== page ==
[Exclusive] Three Cards Revealed for Hearthstone Expansion: Whizbang's Workshop

The Galactic Projection Orb


Class: Mage

Rarity: Legendary

Type: Spell

Mana: 10

School: Arcane


Recast a random sepll of each Cost you've cast this game (targets enemies if possible).

Hidden Objects


Class: Mage

Rarity: Common

Type: Spell

Mana: 2


Discover a Secret. Sets its Cost to (1).

Triplewick Trickster


Class: Mage

Rarity: Common

Type: Minion/Elemental

Mana: 4

Stats: 2/3


Battlecry: Deal 2 damage to a random enemy, three times.


As Hearthstone celebrates its 10th anniversary, Whizbang opens the doors of the toy workshop to welcome players. These aren't just ordinary toys; they are a myriad of toys infused with memories from the past 10 years! Already, characters like Dr. Boom, Zilliax, Corridor Creeper, King Krush, Tarim, and Shirvalla have teased their appearances in even cooler or cuter forms, with cards from the past getting a slight tweak in mechanics being steadily unveiled.


In the true spirit of a workshop handling all sorts of toys, Whizbang has allocated various types of toys to each class. And the Mage we're introducing here is all about puzzles.


Card Effects and Pros & Cons


Let's kick off today's card introduction with The Galactic Projection Orb.


The illustration of the central orb seems reminiscent of the once-popular card, Luna's Pocket Galaxy. As implied subtly in the illustration, The Galactic Projection Orb seems to share the same orb as Luna's Pocket Galaxy.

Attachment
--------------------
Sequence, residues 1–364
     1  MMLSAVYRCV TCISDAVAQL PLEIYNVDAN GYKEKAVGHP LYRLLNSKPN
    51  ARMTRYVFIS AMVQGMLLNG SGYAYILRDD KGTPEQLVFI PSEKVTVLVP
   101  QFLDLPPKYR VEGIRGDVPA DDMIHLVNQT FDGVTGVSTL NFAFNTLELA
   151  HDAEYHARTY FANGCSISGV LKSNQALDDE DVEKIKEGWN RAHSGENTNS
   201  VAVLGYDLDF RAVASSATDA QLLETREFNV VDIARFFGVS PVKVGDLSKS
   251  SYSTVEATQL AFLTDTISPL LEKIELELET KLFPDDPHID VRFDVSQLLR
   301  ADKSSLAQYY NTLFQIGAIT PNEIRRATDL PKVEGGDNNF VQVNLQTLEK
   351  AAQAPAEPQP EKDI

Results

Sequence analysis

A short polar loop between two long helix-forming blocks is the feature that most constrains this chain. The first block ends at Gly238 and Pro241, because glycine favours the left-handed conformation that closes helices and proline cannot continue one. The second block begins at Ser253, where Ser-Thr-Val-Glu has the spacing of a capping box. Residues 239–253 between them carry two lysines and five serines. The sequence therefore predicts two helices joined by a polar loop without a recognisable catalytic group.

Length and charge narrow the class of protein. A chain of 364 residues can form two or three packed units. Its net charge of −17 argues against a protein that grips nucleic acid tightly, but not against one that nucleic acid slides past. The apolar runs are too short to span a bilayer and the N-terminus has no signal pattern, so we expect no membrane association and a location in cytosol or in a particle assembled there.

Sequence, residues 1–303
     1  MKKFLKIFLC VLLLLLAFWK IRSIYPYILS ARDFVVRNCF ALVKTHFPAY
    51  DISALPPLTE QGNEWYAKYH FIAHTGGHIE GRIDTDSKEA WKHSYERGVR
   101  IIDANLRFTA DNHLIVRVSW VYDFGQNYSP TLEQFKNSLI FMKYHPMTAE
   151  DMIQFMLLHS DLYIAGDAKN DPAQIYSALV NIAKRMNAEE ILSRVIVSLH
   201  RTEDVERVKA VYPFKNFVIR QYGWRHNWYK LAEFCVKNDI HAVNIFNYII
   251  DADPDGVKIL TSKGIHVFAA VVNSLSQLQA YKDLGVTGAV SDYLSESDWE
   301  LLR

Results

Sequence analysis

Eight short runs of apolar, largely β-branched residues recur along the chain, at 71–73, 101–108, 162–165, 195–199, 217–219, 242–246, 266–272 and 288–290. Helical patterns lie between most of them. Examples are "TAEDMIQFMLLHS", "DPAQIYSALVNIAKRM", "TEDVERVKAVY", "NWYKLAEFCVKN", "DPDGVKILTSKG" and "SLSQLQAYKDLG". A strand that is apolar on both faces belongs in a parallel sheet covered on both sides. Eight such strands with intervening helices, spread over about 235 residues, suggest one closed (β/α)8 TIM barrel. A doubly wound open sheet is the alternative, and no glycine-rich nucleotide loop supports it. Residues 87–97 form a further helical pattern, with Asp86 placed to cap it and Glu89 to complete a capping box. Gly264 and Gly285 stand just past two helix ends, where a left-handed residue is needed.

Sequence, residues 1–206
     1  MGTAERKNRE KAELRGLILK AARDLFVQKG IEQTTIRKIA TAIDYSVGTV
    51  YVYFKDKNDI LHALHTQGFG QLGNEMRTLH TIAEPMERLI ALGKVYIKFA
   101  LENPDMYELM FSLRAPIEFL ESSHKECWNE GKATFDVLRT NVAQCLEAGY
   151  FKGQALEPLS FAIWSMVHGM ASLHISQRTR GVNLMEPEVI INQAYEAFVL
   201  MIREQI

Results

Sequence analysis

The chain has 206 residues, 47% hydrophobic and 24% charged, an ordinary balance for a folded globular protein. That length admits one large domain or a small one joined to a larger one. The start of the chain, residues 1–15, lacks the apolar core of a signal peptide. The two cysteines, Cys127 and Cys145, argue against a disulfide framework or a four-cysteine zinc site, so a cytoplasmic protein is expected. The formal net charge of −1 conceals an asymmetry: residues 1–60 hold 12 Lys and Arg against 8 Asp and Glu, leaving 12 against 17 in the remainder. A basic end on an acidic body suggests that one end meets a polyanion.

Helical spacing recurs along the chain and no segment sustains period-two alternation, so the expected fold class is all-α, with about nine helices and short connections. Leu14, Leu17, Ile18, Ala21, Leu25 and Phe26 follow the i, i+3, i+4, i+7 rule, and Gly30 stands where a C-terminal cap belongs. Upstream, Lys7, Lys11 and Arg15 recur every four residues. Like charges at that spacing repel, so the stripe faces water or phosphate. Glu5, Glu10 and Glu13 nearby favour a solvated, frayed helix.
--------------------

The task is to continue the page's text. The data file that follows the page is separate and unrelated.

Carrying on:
However, they differ significantly in terms of abilities. While Luna's Pocket Galaxy was a card that reduced the cost of minions in your deck to 1, preparing for future combos, The Galactic Projection Orb is a card akin to a finishing move, with the ability to recast previously used spells.



The Galactic Projection Orb is a 10-mana spell that recasts a random spell of each cost you've cast this game, targeting enemies if possible. The effect maximizes if you've cast spells of various costs throughout the game.


Recasting random spells based on their costs is a great finisher since it won't cast bizarre spells from your spell pool, ensuring its effectiveness. Moreover, since it targets enemies if possible, it's more likely to aim for damaging spells rather than focusing on your own minions or face, ensuring stability.


Also, high-cost, high-performance spells you'd expect for significant effects aren't typically loaded into decks, making it highly probable that you'll reuse those particular spells.


▲ You don’t need to pray to Yogg-Saron when using The Galactic Projection Orb


In essence, you'd lead the game with low-cost spells, follow up with powerful high-cost spells, then either finish off with The Galactic Projection Orb or fill your hand with low-cost operating spells again using its recast while setting up secrets for the final finish.


However, this card shines when it receives a good spell pool worth spending 10 mana to recast. For instance, there's Sunset Volley dealing 10 damage randomly split among all enemies and summoning a 10-cost minion, or Elemental Inspiration stacked with spell schools.


You would want to leverage the fact that the spell type is Arcane, but unfortunately, most Arcane spell synergy cards have transitioned to Wild, leaving Stargazing as one of the only cards you can potentially pair with. If you could reduce the cost of Stargazing by 2, you may be able to cast The Galactic Projection Orb twice.